First, The Ivy League canceled all fall sports. Then, the Big Ten — Ohio State, Michigan, Penn State — decided to cancel all nonconference football games.
Will the SEC — conference of the Florida Gators — and the ACC — conference of FSU and Miami — soon follow?
We spoke to college fans in Southwest Florida Friday, who are nervous about what all three state universities could decide for a potential fall season. Among them is fear changes could mean the elimination of state rivalry games at the very least.
If a college football season does kick off later this year, fans still likely won’t be in attendance.
“There’s adversity in the game of football,” said Fred Johnson, a former Florida Gators football player. “And, as an athlete, you overcome a lot of adversities throughout your career.”
But no college football at all would be devastating for players and fans alike.
“Given what we’ve all been through, you know, just yearning for sports, we just want to get back to see some normalcy in our lives,” said Scott Toth, the president of the Seminole Club of Naples and a season ticket holder. “And football obviously help us get there.”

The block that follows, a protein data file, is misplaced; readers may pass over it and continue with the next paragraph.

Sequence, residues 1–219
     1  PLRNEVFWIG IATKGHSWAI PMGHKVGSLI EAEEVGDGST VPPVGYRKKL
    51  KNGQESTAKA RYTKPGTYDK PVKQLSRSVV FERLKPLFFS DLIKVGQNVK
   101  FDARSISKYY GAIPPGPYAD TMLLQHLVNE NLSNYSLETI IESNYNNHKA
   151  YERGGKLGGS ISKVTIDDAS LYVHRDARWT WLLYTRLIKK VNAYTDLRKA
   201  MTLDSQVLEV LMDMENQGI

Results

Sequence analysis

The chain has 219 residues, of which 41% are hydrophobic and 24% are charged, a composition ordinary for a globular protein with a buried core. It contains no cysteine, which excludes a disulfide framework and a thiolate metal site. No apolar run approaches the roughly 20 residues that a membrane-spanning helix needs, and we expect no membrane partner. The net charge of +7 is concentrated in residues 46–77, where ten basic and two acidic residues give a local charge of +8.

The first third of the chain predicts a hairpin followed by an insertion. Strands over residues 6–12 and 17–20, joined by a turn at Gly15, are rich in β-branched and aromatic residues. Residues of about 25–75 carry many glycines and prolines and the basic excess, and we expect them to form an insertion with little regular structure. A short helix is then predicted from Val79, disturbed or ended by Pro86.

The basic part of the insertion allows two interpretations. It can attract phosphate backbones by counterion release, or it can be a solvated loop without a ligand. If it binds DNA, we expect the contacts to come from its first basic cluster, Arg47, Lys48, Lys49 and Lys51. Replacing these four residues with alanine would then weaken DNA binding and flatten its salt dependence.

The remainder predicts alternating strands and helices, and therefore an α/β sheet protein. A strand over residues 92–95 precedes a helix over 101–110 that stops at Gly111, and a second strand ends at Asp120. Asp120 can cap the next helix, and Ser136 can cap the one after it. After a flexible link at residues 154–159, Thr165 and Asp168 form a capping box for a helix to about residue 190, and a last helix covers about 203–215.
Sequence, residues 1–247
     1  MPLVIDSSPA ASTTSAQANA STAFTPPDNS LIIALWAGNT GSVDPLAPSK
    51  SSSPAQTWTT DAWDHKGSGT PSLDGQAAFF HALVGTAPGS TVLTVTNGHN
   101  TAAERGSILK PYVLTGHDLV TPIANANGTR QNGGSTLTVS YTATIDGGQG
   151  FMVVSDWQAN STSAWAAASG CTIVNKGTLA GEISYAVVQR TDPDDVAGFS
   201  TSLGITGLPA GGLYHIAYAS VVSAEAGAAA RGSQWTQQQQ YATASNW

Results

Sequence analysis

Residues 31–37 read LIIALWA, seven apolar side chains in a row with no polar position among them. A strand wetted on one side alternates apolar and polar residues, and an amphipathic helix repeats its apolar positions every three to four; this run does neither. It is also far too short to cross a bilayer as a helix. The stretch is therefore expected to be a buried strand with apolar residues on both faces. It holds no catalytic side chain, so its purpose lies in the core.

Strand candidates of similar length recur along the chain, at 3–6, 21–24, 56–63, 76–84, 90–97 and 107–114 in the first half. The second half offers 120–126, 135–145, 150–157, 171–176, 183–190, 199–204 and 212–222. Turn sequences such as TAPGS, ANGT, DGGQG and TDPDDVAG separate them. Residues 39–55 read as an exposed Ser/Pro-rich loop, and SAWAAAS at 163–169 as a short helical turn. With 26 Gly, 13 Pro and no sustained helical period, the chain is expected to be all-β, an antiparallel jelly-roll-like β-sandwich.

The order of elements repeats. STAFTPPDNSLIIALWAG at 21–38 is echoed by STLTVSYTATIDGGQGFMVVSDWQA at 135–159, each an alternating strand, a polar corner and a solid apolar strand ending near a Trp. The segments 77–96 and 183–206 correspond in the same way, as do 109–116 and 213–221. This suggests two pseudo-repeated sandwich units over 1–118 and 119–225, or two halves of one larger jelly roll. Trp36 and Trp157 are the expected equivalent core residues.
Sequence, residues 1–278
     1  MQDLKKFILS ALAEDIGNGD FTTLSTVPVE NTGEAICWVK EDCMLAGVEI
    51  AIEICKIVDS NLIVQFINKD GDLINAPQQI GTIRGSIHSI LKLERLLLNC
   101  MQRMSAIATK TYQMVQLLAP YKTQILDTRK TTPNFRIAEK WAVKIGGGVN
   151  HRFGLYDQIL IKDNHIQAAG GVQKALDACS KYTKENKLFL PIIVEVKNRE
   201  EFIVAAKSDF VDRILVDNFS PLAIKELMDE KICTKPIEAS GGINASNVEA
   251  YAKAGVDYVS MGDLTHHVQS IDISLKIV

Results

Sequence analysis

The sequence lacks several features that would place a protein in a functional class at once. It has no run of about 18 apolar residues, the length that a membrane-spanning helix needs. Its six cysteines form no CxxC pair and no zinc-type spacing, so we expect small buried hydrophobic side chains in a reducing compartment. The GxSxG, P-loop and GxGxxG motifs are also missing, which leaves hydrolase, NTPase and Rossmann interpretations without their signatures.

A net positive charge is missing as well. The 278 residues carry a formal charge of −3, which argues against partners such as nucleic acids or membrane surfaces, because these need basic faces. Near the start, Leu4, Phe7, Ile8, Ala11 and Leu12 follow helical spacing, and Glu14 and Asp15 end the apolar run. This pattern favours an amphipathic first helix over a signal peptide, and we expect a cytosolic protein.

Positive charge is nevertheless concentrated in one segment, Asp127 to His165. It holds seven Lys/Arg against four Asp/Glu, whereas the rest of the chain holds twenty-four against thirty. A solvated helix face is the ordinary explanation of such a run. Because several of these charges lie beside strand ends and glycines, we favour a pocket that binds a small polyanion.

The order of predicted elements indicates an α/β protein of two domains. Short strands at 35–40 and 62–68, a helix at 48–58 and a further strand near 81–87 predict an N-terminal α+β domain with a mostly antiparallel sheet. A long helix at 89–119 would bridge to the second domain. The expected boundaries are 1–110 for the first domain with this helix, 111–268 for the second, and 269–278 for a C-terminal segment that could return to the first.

“It’s really saddening, especially with it being my senior year,” said Tre’Vaughn Howard, who attends UM.
“I cannot imagine going through this,” Johnson said. “I still can’t imagine going through this now, being in the league and stuff like that. It’s a lot.”
Currently, the Gators, Seminoles and Hurricanes remain set to participate in a college football season. But, after the Big Ten cut out any nonconference games, other big conferences, such as the SEC and ACC could follow with the same decision. That would eliminate the possibility of a state rivalry game between the ‘Noles and the Gators.
“It’s just, I can’t really put it into words,” Howard said. “Words can’t really describe the emotions.”
Restaurants are in Southwest Florida are also nervous about the outcome for the start of the season, as many depend on college football fans to fill their businesses on game day. After already losing out on major league sports most of the year, losing college football would add another blow to business.
“I think the big one would be Florida right?” Toth said. “We lose our rivalry game.”
Johnson and others hold onto hope the Gators will play its conference schedule if nothing more. The ACC is already considering dropping its non-conference schedule. The SEC is expected to consider the same move Monday.
“It’s going to put a lot more pressure on the teams winning in their conference, you know, just trying to become bowl eligible with nonconference games,” Johnson said.